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Performance in Intel IOMeter

Disk Response Time

IOMeter is sending a stream of requests to read and write 512-byte data blocks with a request queue depth of 1 for 10 minutes. The array processes a total of over 60 thousand requests, so we get a sustain response time that does not depend on the amount of cache memory.

There is something odd about the Samsung T166S disks. Judging by the awfully low response time at reading, they are working in the quiet mode (the drive’s actuator is slowed down by changing the shape of the current from meander to sinusoidal). Unfortunately, we couldn’t perform a new series of tests in the ordinary mode after we had found this effect. On the other hand, you will see the effect of this technology on the drive’s real performance at least in comparison with the older-series disks. Take note that the quiet mode has no effect on the response time at writing which is due to the multistep buffering of requests.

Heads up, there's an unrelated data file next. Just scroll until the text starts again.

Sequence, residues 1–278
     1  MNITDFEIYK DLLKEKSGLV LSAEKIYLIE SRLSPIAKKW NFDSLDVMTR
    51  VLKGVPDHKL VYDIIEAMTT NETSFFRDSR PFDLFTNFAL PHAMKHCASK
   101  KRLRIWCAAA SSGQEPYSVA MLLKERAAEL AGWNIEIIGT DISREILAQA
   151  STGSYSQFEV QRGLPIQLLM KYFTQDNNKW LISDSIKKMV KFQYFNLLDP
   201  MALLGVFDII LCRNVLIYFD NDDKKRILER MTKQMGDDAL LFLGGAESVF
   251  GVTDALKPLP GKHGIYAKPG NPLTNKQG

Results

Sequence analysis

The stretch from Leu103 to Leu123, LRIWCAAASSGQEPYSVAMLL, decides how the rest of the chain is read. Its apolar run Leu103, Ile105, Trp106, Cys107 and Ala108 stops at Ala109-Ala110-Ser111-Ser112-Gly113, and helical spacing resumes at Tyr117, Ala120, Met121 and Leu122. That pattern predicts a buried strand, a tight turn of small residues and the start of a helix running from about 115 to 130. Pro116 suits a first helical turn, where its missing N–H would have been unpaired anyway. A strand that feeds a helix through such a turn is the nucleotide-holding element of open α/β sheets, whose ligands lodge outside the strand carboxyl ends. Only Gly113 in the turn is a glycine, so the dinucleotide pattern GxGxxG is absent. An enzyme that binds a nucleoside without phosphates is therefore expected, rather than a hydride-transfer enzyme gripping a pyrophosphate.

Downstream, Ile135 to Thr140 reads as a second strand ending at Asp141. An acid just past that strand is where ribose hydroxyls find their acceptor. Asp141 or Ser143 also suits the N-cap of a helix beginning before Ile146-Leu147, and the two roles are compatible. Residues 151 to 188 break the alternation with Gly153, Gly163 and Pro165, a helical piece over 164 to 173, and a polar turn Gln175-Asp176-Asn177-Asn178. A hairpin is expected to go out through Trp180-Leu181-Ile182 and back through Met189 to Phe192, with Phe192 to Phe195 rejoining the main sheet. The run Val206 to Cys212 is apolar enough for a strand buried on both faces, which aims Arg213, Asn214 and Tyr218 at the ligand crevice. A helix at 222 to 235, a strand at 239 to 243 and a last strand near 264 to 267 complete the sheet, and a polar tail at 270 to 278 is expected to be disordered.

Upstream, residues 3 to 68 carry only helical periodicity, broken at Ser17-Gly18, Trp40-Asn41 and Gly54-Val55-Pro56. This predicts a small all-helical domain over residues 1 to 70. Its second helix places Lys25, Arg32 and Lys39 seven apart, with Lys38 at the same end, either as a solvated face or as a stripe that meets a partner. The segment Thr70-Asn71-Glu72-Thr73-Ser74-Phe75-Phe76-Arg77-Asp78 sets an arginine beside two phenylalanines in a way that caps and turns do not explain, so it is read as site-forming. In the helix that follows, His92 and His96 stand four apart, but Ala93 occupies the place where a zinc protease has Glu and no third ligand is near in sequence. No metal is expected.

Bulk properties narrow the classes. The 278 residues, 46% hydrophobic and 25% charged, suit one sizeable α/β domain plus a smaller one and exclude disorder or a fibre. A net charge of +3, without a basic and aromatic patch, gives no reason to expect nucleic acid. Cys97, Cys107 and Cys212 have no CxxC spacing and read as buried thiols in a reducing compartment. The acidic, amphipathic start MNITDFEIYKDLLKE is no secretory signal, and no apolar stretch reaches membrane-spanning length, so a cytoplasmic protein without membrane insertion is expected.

As for the other drives, the standings are absolutely the same irrespective of the array type. Hitachi is in the lead, followed by the two drives from Western Digital and Seagate. Samsung’s drives are at the bottom of the diagram, the model with an 8MB cache being somewhat faster than the model with a 16MB cache.

The drives behave in the same manner when writing to RAID0 and RAID10 arrays. The winner Hitachi is followed by the WD4000ABYS (take note of the difference between it and the older WD4000YS). The Seagate has the worst result here. The standings are different for RAID5 due to the complex sequence of actions for performing write requests. As a result, both disks from Western Digital are in the lead whereas the Hitachi proves to be the slowest of all.

 
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